“It is amazing to me that any elected official in Florida would attack Mickey Mouse, that’s incredible to me,” he said. “But that’s where we are at.”

Crist, a former Republican governor-turned Democratic lawmaker, has consistently led in public polling. He’s received a recent wave of state and national endorsements, including Speaker Nancy Pelosi (D-Calif.). He’s also raised more than $8 million — far less than DeSantis but $3 million more than Fried has brought in since she got in the race June 1, 2021.

“If you look at the three candidates, the polling has not changed much at all, Charlie Crist has been in the lead there and in fundraising, and most recently endorsements,” said Andrew Spar, president of the Florida Education Association, the state’s largest teacher’s unions and one of the biggest remaining groups backing Democrats in the state. “Fried has proven she can win statewide and has done a great job hitting DeSantis, but there has been a consistency with Crist leading of late.”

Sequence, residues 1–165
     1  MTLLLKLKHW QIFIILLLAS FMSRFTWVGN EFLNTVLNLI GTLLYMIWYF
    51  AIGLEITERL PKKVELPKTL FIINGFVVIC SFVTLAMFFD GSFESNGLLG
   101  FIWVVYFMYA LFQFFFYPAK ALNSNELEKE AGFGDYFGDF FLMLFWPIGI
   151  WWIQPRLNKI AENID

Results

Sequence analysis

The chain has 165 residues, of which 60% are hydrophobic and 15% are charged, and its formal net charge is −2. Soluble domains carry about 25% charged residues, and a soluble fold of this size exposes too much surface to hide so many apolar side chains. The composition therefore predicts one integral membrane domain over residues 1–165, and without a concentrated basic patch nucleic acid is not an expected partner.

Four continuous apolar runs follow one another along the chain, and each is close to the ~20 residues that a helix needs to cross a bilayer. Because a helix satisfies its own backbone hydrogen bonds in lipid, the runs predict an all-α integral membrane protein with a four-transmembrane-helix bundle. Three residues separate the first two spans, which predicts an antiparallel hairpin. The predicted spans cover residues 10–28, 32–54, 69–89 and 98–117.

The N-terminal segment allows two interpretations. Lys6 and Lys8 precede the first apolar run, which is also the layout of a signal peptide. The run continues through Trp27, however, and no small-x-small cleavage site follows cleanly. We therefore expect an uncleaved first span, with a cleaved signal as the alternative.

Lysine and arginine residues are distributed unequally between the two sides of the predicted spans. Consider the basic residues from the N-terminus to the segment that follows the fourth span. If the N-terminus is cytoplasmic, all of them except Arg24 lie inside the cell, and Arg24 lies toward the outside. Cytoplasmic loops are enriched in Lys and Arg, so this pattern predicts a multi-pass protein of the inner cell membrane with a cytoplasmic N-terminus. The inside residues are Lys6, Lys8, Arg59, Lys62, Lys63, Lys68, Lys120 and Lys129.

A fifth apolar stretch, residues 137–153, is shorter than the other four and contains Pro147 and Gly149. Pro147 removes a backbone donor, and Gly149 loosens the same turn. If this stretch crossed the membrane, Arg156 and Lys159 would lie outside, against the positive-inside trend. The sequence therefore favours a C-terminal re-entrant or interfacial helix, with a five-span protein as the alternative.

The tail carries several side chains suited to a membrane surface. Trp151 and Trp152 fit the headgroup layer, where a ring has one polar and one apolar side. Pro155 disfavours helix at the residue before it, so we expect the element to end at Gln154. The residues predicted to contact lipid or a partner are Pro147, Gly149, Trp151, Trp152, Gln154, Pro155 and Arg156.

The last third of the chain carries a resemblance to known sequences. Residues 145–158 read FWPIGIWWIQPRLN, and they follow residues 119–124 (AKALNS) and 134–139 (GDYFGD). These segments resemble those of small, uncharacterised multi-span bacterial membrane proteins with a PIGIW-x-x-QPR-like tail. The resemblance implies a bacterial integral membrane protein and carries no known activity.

When asked about the enthusiasm-gap of the current Democratic slate, a spokesperson for Crist said his message is resonating with Democrats, Independent and Republicans who are tired of DeSantis.

“Charlie is not only way ahead of the Democratic field, he is mounting the strongest campaign to beat DeSantis in November,” Samantha Ramirez, his spokesperson, said. “Florida Democrats are mounting the first real coordinated campaign in modern state history, taking to heart lessons learned from past cycles.”

Fried became the first statewide elected Democrat since 2011 after narrowly winning four years ago, giving her a high profile perch to consistently hit DeSantis while carving out a position as titular head of the party and the front-runner for governor. Most Democrats have cheered Fried for taking shots at DeSantis over his pandemic response and affordable housing, among other issues, but see her campaign making key tactical errors that have bogged down momentum.

“Folks are not paying attention yet, they don’t even really know an election is coming. We are four months from primary day, and a lot of people have not gotten any direct voter contact,” Brown said. “I’m a young Black female living in the Tampa area. What targeted messages am I getting? I don’t really think I’m getting any of those.”